The preweaning ADG obtained in this study is intermediate between values reported by Adu et al (1979) and Adu and Buvanendran (1982). The effects of parity, litter size, sex, month and year of birth on ADG were highly significant (P<0.001). ADG improved consistently from first to fourth parity. Singles and male lambs had a higher ADG than twins and female lambs. Below average ADG were obtained in June and between November and February. Yearly variations in ADG followed no pattern except for a consistent increase over the last four years of the study.

Weaning rate (Table 1)

The WR obtained in the present study compares favourably with that of Adu and Buvanendran (1985) but is lower than the figure reported by Taiwo and Buvanendran (1985) (Table 2). WR was significantly affected by litter size, month and year of birth (all P<0.001) and parity (P<0.01), but not by sex (P>0.05). WR increased consistently from first to fifth parity, with higher parities giving below average values. Single lambs had a higher WR than twin lambs. Lower WR values were obtained for lambs born between November and May. There is a close parallel between WR and rainfall pattern; lambs survive better if born in the dry rather than the wet months.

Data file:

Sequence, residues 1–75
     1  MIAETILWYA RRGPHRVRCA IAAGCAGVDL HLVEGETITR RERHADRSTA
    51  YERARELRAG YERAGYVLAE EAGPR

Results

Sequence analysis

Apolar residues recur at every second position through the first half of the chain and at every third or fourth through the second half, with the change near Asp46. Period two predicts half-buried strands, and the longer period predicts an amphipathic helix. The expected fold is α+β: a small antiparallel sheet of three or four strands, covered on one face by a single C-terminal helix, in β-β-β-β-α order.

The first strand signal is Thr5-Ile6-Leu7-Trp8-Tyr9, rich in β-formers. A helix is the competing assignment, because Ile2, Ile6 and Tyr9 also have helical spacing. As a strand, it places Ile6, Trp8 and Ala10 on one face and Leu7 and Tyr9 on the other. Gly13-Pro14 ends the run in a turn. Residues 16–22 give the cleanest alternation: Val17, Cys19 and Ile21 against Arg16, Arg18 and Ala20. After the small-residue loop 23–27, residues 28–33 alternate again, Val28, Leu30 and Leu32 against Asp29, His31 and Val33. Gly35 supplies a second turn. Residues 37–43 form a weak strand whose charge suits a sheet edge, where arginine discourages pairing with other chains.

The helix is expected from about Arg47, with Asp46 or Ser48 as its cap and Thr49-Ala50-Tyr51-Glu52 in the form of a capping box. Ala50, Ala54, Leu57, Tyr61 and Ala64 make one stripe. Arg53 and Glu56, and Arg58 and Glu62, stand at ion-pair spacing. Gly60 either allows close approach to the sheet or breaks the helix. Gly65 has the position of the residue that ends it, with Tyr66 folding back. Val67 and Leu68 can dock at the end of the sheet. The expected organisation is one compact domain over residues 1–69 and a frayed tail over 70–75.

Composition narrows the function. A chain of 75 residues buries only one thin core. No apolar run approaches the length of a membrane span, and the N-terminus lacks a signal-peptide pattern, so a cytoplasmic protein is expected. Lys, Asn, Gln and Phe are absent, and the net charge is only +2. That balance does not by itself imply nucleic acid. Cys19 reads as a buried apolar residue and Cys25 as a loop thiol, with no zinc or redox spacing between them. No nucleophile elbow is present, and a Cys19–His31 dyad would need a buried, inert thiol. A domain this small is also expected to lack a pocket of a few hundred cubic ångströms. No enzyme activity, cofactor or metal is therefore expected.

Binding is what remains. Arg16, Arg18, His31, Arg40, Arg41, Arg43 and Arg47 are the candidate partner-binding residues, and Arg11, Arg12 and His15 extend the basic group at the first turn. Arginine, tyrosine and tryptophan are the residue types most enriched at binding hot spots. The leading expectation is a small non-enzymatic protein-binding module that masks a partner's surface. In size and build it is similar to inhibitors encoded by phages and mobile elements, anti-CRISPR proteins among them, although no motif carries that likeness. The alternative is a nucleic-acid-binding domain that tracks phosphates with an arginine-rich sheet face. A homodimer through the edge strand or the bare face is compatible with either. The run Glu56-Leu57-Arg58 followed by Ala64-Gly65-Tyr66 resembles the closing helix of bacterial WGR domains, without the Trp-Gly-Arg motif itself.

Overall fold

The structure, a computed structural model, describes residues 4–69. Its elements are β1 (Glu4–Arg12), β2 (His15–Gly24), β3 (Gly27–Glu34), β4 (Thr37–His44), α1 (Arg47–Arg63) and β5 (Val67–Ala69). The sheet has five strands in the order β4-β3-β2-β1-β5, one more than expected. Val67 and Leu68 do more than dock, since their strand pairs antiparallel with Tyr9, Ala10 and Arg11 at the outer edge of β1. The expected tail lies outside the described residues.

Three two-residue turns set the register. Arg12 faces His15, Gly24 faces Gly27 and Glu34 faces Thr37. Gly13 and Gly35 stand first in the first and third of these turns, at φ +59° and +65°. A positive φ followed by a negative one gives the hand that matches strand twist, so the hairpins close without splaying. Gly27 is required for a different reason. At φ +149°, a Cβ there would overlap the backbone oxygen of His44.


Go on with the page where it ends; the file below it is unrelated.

Conclusion

This study shows that there may be no advantage in keeping Yankasa breeding ewes under semi-intensive management beyond the sixth parity in terms of preweaning traits, especially WR which consistently fell below average in the latter group. However, the high parities had a relatively low number of observations and therefore need further study when larger data sets become available. The reasons for the peculiarly bad growth and weaning rate performances of lambs born in June also need further investigation. Seasonal effects on preweaning traits show that growth traits were better for lambs born in the wet seasons rather than the dry seasons, while the reverse was true of the weaning rate.